- Is the human being purely material, or is there an immaterial component? If the human being is
purely material, what does that imply about free will? If there is an immaterial component, what
does that imply about free will? In other words: address the question “are human beings just
complicated machines, or is there something more to us”? and explain what is implied on both sides
of the argument. Don’t just give the argument you happen to agree with; consider objections to it
and respond to those objections.
Note: students often write essays relying on emotion or sentiment in response to the topic above
(“How bleak the world would be if we didn’t have souls” and the like). That is not what you are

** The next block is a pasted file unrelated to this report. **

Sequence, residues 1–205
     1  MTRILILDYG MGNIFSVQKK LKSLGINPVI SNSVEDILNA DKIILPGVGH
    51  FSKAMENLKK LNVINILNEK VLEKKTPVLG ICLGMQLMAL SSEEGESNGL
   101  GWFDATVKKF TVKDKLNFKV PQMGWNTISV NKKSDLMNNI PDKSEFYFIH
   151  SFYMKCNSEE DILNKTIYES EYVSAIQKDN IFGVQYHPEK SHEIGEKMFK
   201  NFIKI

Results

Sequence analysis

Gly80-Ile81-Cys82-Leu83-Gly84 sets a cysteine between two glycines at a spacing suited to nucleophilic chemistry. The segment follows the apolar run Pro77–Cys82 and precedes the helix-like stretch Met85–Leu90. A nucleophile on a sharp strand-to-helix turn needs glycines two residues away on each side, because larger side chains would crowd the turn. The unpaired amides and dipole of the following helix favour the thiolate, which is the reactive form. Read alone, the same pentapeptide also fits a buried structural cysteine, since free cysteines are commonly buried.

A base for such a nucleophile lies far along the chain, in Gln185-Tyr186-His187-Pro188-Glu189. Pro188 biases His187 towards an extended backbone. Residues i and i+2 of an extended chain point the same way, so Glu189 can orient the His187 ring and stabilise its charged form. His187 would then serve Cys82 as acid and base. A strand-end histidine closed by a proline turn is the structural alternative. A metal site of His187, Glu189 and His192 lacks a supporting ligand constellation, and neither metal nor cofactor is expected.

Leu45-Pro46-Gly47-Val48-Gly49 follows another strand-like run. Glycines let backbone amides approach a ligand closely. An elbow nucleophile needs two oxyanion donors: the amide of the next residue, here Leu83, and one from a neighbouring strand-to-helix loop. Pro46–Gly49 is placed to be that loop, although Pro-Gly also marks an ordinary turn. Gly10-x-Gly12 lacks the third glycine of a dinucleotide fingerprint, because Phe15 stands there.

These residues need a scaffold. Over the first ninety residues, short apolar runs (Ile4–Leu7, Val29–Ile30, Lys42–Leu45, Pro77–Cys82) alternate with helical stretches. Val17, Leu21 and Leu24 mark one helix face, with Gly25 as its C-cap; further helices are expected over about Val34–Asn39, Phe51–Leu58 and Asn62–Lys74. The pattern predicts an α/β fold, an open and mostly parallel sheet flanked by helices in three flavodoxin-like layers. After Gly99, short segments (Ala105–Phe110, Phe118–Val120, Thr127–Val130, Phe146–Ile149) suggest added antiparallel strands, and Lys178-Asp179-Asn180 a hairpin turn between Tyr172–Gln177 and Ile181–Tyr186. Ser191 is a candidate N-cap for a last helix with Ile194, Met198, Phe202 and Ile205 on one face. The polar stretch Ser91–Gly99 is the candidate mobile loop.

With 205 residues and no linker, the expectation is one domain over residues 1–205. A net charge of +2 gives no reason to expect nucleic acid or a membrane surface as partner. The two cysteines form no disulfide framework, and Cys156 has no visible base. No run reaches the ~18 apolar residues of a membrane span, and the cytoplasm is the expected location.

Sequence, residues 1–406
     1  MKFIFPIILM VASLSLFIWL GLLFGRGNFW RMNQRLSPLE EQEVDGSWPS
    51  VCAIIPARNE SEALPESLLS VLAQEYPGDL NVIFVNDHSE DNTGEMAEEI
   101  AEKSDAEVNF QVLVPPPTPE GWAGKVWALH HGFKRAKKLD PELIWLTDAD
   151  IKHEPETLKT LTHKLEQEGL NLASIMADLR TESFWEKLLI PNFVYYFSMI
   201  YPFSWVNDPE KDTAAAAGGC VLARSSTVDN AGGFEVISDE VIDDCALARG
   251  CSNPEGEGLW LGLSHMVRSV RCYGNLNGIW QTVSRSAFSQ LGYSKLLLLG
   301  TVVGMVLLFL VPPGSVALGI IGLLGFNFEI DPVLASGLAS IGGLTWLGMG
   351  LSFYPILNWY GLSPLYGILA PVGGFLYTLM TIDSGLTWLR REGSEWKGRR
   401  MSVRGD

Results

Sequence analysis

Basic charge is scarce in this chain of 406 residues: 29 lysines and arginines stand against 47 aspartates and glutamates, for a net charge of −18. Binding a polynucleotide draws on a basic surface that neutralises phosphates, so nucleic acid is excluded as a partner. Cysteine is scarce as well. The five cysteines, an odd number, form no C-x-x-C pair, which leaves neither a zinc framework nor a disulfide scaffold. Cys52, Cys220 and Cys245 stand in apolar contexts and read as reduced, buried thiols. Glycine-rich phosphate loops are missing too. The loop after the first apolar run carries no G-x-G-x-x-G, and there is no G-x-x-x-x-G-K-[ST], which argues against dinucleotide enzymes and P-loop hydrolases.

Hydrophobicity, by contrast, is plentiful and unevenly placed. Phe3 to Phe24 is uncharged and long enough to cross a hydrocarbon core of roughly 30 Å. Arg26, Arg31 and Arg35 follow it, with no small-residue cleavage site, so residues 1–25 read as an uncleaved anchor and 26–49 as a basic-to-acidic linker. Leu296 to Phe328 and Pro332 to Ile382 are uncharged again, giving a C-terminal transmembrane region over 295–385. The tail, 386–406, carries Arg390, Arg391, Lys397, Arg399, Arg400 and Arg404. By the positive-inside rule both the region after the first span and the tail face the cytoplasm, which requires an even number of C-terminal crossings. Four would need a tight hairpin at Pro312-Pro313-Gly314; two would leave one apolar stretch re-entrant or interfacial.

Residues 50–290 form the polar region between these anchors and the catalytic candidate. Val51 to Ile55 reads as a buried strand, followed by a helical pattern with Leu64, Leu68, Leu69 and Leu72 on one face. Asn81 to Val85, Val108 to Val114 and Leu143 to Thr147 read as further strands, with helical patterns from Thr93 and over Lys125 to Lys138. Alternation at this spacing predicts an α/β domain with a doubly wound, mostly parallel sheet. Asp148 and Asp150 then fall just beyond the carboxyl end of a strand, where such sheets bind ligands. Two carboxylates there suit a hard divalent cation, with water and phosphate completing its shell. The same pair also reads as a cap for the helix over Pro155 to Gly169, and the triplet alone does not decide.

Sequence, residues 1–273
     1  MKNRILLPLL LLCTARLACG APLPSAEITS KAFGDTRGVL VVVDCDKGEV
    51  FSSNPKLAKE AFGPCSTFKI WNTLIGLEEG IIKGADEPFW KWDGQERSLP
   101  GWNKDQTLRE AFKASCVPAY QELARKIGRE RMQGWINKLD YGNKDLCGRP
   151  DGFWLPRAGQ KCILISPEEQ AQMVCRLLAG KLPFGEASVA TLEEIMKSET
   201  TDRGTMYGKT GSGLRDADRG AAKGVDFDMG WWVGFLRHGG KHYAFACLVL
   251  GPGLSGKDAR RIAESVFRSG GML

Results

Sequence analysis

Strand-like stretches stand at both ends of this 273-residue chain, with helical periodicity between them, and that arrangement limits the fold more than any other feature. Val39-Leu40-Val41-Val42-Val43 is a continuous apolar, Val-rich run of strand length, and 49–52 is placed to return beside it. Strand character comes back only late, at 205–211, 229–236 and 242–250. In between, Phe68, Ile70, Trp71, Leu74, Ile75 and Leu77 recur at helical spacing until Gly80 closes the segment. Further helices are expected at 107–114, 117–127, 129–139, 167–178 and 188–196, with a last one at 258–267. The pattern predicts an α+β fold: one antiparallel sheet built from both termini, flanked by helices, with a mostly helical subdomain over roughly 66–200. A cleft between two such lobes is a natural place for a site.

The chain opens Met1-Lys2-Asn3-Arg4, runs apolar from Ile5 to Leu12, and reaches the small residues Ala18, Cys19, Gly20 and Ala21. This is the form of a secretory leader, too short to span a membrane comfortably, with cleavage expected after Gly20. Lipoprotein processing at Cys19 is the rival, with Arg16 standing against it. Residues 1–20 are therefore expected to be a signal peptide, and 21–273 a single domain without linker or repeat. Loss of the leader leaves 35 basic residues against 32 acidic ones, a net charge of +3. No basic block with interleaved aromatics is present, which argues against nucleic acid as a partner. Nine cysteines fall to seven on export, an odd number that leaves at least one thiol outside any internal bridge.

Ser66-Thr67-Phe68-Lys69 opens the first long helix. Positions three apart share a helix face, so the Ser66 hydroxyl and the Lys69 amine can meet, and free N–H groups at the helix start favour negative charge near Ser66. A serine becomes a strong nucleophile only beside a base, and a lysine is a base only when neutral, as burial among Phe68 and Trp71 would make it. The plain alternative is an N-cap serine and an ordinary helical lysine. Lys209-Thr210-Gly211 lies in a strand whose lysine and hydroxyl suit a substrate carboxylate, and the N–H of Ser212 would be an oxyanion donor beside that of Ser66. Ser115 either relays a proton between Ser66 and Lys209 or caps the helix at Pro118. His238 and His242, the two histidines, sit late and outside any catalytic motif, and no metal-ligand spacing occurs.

supposed to be doing: rather, you should write an essay that argues for a specific position and
responds to counterarguments.
- Is there a basis in nature for morality? Is there such a thing as a natural right, natural law,
or natural justice? Can human beings know something about right and wrong through the use
of unaided reason (i.e., without the help of revealed religion)? Is morality relative to culture, or
does morality transcend culture? Explain.
- Explain, what Socrates might have meant when he said, “The unexamined life is not worth
living.” Do you agree with this position? Why or why not?
- When we say that pursuing knowledge or wisdom for its own sake has intrinsic value, what does
that statement mean? If you disagree, please explain the grounds for your disagreement.
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A basis in nature for morality was first posted on December 13, 2019 at 8:06 am.
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